“The Syria vetoes are a dramatic evidence of a longstanding difference between Russia and China and many other countries, but particularly the West,” David Bosco of American University in Washington said. “There are all sorts of political interests involved, but there is also a basic difference about whether the international community should be involved in internal conflicts against the will of the government.”
Lopez said that Russia had a willing helper in China, which has worked hard to keep the Security Council off the backs of countries that it considers strategic allies, like Myanmar, North Korea and Sudan.
He said China’s veto was not a show of support for Assad, but “an act of solidarity so that the -Russians will support them on North Korean issues at the council.”
“And remember — the Chinese have never vetoed on their own, so Russia was — is — really in the lead here,” he said.
Frustrated by Russia’s determination to block council action on Syria, France and the US have talked about going outside the UN and creating a coalition of countries that would impose tough sanctions on Assad.
Western diplomats on the Security Council said Russia’s veto was partly a sign of the coming “re-Putinization” of Russian foreign policy, a sneak preview of the approach Russian Prime Minister Vladimir Putin is expected to take with the West if he returns to the presidency after next month’s election, as is widely expected.
With the vote looming, analysts say, it was no surprise Putin took a tough, anti-Western stand on Syria.
So is the Security Council returning to the days of the Cold War when US-Soviet rivalry left the council virtually unable to act? Council diplomats say there is no sign of that.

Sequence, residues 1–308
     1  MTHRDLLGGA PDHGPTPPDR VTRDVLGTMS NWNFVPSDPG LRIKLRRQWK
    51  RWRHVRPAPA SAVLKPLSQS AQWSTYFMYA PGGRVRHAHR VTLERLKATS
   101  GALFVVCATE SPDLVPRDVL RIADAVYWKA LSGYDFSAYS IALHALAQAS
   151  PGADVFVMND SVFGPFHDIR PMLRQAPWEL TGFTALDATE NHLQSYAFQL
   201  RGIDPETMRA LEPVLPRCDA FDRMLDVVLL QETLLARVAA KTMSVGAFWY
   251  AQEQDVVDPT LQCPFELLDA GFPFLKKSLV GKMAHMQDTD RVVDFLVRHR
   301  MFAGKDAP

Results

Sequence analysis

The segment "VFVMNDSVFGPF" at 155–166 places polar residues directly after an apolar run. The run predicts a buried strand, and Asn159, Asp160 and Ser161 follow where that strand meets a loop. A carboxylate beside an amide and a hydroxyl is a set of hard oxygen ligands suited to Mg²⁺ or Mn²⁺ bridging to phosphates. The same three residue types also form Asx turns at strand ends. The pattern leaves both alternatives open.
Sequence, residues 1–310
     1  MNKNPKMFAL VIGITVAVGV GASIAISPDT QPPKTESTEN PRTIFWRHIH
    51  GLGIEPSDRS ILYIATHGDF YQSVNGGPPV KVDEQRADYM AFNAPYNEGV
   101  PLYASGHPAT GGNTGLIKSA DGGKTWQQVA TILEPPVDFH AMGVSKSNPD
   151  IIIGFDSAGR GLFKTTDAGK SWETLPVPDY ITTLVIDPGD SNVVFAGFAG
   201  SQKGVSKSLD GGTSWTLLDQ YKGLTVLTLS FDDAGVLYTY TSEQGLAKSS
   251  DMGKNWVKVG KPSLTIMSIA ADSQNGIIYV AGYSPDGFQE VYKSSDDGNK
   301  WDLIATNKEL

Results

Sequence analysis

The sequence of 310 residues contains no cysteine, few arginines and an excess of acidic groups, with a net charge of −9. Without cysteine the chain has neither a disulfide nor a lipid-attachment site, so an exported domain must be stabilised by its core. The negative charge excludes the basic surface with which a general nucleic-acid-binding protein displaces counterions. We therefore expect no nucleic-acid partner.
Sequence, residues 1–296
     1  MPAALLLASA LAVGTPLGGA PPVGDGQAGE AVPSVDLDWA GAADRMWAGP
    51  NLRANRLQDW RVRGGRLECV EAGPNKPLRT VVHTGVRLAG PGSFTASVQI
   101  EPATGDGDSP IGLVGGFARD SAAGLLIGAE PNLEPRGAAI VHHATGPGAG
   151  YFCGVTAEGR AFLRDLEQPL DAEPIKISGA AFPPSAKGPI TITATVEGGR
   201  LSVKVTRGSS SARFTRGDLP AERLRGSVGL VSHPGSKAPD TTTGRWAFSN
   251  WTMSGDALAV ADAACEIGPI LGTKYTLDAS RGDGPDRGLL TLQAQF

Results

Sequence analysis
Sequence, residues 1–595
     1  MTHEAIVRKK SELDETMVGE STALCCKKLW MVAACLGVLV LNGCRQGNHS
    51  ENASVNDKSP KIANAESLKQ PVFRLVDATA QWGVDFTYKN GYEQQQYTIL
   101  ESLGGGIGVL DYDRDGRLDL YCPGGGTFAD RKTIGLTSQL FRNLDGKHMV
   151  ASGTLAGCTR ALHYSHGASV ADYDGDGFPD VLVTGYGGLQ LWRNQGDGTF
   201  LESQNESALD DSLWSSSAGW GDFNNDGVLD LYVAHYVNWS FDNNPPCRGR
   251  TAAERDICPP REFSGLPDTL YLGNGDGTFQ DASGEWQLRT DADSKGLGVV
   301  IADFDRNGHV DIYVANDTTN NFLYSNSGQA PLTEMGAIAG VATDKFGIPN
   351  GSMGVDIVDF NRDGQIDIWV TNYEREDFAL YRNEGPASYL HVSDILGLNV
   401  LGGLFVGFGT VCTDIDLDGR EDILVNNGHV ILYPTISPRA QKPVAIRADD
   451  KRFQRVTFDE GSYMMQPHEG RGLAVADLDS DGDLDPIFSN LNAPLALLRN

After the Syria resolution was vetoed on Saturday, French UN Ambassador Gerard Araud told reporters that he did not believe the council was at a general impasse, though it was clearly deadlocked on the issue of Syria.
Araud said there was good cooperation with Russia on many topics, while there remain issues the council has rarely been able to agree on, such as the Israeli-Palestinian conflict.
Nor is this the first time Russia has proven to be difficult for the US and its allies on the Security Council. In the 1990s, Moscow strongly supported Serbia in the Balkan Wars and acted as Belgrade’s protector on the council.
After an ineffectual UN presence failed to stop genocide in the 1992-1995 Bosnian War, the US and its European allies infuriated Russia by bypassing the deadlocked Security Council and turning to NATO to halt the Serbian onslaught in Kosovo with a bombing campaign against Serbia in 1999.
Russia has also worked hard to dilute UN punitive measures against Iran over its nuclear program during Security Council negotiations on four sanctions resolutions between 2006 and 2010, though it ultimately voted for all of them. However, recently Moscow has said there will be no new UN sanctions on Iran.